Reminder of important clinical lesson
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A weeping umbilical hernia: bilateral ovarian mucinous cystadenoma with disseminated peritoneal adenomucinosis Varun Kumar Singh,1 Kumar Nishant,1 Barun Kumar Sharma,2 Rachna Lamichaney3
Department of Surgery, Sikkim Manipal Institute of Medical Sciences, Gangtok, Sikkim, India 2 Department of Radiodiagnosis, Sikkim Manipal Institute of Medical Sciences, Gangtok, Sikkim, India 3 Department of Pathology, Sikkim Manipal Institute of Medical Sciences, Gangtok, Sikkim, India Correspondence to Dr Varun Kumar Singh, [email protected]
SUMMARY A young woman was referred to us for the management of an umbilical hernia with macerated overlying skin through which massive ascites was leaking. On examination we found a jelly-like substance seeping out of the opening. A contrast-enhanced CT scan of the abdomen revealed bilateral ovarian cystadenocarcinoma with pseudomyxoma peritonei. The patient underwent cytoreductive surgery along with hysterectomy and bilateral oophorectomy followed by hyperthermic intraperitoneal chemotherapy with mitomycin C. Histopathological examination showed bilateral borderline cystadenoma with peritoneal adenomucinosis. Follow-up at 1 year showed no signs of recurrence.
Accepted 16 April 2014
BACKGROUND Pseudomyxoma peritonei is rarely encountered in day-to-day practice and is poorly understood. Most cases usually present as either an appendicular or ovarian pathology. Presentation as umbilical and bilateral inguinal hernias is rare.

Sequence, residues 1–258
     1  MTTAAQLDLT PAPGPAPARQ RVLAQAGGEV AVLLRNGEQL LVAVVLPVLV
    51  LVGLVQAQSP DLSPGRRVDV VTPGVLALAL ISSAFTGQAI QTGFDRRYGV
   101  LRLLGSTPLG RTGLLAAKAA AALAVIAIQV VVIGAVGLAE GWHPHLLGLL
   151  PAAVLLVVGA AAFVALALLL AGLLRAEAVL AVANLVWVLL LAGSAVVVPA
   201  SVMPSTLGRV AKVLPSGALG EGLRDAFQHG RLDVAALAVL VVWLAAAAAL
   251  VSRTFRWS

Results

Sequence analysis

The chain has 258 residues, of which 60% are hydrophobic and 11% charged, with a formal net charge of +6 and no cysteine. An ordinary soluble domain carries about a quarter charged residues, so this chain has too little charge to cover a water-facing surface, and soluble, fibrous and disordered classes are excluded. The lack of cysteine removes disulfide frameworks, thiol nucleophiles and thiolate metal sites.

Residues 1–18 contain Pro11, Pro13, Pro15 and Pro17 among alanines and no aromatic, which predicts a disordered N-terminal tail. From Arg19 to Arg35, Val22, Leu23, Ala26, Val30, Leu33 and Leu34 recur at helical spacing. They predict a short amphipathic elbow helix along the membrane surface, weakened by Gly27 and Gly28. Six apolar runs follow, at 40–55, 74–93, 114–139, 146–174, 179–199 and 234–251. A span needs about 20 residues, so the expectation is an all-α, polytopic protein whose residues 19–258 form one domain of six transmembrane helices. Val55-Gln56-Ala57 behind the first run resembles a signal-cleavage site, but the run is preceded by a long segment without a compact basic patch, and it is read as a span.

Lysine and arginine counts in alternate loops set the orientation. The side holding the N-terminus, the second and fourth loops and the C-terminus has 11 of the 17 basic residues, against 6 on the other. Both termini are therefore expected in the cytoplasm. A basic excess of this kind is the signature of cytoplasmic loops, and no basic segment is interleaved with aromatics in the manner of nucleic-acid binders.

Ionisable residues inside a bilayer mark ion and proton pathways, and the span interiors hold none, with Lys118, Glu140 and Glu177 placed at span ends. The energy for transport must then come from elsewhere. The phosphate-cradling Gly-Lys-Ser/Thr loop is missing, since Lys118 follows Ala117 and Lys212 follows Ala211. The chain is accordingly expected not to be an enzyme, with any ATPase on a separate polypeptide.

bilateral inguinal herniae (ﬁgure 1). A working diagnosis of pseudomyxoma peritonei was made.
INVESTIGATIONS The patient’s haemoglobin was 6 g/dL and total leukocyte count was 5600/mm3 of blood with a lymphocyte count of 58%. Serum creatinine and blood urea were 1.7 and 78 mg/dL, respectively. The urine examination was unremarkable and a chest X-ray did not reveal any abnormality except a markedly elevated diaphragm, which was consistent with the clinical examination. Ultrasonography (ﬁgure 2) and a contrast-enhanced CT scan (ﬁgure 3A, B) of the abdomen revealed bilateral adnexal multiloculated cystic space-occupying lesions, a thickened omentum with multiple small cystic lesions and multiloculated intraperitoneal collections causing compression of the liver, pancreas and spleen resulting in a scalloped margin along with the umbilical hernia. Features were suggestive of bilateral ovarian cystadenoma or cystadenocarcinoma with pseudomyxoma peritonei.
TREATMENT CASE PRESENTATION
To cite: Singh VK, Nishant K, Sharma BK, et al. BMJ Case Rep Published online: [ please include Day Month Year] doi:10.1136/ bcr-2014-204748